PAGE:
This week, we encountered issues with elderly patrons trying to use our computers. The past year of lockdowns, social distancing, paperless bureaucracy, and such has left the elderly in the lurch. Many a boomer is computer-illiterate, or at least not very web-savvy, and I have two such tales to tell.
The first gentleman is a regular patron liked by all the staff. He is quiet and friendly. However, he needed to sign up for Social Security, and the nearest office is still closed to in-person assistance as far as I know. Mr. A. does not own a computer or even have an e-mail address, so the learning curve for him is incredibly steep, and the disregard shown to people in his situation by "public servants" is astonishing to anyone not already disenchanted to the point of anarchism.
The second gentleman is a less-regular patron, and while friendly, is also hard-of-hearing and completely oblivious to basic computer security protocol. He will talk to himself while typing in passwords. He bellows when he thinks he is discreetly whispering to us for help. Mr. B is decidedly not quiet.
In this case, he is also not versed in search engine awareness. Our first clue that something was amiss came when he complained of virus warnings and security alerts to nother of our staff. This is odd. Our systems are pretty secure, since they are set to boot from a clean save state every time they restart, and had all their proper updates. We moved him to another system, and I checked everything on his first station with no issues to be found. However, he invited me to keep an eye on his second machine. He fired up the Microsoft Edge browser and typed in the name of his bank. When he clicked the first link, sure enough, more warnings they all looked somewhat like proper security alerts from Windows and antivirus packages, but not like what I expect from a real alert.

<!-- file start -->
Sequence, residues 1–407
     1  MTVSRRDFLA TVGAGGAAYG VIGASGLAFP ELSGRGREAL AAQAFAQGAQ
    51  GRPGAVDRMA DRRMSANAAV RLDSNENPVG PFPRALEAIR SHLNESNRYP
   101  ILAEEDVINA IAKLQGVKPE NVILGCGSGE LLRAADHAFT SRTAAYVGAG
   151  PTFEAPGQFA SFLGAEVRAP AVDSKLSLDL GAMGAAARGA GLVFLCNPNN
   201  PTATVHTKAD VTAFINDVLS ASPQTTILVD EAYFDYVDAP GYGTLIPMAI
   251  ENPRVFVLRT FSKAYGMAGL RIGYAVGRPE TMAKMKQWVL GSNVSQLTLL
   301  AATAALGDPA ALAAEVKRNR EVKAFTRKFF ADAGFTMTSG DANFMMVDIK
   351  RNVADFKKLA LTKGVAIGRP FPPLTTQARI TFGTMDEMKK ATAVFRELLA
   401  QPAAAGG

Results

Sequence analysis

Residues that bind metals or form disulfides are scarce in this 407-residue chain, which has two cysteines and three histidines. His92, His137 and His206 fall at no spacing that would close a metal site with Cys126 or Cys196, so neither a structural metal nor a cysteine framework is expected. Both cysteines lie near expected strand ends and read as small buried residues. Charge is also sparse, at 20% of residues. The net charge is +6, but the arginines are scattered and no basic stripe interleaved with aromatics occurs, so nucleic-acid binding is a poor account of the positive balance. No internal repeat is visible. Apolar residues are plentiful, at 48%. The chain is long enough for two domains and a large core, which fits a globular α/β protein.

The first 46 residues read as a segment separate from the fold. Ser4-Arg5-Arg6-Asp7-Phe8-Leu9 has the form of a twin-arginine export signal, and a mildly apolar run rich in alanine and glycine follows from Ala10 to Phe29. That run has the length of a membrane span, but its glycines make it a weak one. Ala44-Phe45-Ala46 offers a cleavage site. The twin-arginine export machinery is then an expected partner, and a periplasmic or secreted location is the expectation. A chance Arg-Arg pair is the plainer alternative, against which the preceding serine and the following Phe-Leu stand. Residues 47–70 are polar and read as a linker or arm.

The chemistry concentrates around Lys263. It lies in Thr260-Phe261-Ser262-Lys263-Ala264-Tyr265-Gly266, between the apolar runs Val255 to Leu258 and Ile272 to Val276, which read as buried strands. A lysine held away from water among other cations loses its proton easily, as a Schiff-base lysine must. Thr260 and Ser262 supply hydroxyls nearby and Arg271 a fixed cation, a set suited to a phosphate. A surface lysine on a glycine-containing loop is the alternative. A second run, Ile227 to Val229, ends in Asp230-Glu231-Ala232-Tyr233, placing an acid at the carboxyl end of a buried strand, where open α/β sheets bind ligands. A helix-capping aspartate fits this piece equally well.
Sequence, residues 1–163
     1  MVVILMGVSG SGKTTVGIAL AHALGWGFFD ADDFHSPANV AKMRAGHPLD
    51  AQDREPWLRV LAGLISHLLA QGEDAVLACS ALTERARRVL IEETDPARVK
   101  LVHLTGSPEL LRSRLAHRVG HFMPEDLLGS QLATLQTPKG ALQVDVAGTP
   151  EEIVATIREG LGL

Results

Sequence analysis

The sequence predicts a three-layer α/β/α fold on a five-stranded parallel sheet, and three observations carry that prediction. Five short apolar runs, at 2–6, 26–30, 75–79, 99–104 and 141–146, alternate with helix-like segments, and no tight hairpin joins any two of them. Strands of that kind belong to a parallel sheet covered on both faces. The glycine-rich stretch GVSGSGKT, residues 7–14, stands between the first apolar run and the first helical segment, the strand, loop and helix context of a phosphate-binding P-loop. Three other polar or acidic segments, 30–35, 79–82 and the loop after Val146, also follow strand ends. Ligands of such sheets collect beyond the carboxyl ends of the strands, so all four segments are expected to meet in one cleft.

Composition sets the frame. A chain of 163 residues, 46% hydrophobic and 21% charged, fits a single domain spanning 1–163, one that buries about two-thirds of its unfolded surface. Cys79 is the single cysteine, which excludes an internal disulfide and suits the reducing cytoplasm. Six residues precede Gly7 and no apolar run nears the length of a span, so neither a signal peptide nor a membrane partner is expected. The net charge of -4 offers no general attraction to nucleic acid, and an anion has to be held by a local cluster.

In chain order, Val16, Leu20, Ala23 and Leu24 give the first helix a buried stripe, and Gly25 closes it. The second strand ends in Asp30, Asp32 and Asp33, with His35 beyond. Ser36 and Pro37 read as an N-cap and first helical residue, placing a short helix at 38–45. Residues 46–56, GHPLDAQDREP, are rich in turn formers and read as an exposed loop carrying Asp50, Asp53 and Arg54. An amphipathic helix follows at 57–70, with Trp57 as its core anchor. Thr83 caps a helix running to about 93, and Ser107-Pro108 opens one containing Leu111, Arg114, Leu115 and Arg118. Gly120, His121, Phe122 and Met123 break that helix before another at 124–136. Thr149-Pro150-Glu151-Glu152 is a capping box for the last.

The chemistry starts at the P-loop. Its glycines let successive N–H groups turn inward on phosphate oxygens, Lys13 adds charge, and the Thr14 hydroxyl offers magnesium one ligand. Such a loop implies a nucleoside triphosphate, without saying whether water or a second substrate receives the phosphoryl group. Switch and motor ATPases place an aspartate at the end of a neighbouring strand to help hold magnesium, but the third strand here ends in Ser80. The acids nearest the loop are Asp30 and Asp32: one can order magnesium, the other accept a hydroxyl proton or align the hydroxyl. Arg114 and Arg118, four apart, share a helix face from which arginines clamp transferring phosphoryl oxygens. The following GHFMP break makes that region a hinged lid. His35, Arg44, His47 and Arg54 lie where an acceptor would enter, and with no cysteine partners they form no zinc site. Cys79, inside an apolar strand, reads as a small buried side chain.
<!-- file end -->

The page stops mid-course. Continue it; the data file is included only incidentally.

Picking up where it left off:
I closed the tab and asked him to wait before clicking on the search result again. This time, I saw the issue. Bing, Microsoft's default search engine, had a paid ad from a scammer as the first result when searching for this particular bank. Any serious examination would reveal that the keywords didn't all look right, and the URL was wrong, but the geezer is half-blind as well as half-deaf, and not on psychological alert when dealing with banking stuff. The second link was the proper one, and all was well with no real malware issues.
Once he was set up with the right home page for his actual bank, I verified the same issue from a staff computer, and dredged through the Bing page to find where to report malicious links. Problem solved.
On the one hand, old farts need to be willing to learn new things, but on the other hand, no one should be forced to adapt like this unnecessarily, either. This is such a bad situation rife with opportunities for bad actors to take advantage of vulnerable people. Their generation is, on average, not as well-prepared for cyberspace. Not saying mine is better. People my age are less likely to have other useful skills like tuning carburetors. It's not better or worse, but it is different, and this push toward a cyberspace mandate is not beneficial.
Be careful out there. The internet is full of scams, and we'll all need to adapt or be left behind one way or another. Stay on your toes, and remember, aging is mandatory, but you really get old when you refuse to learn new things.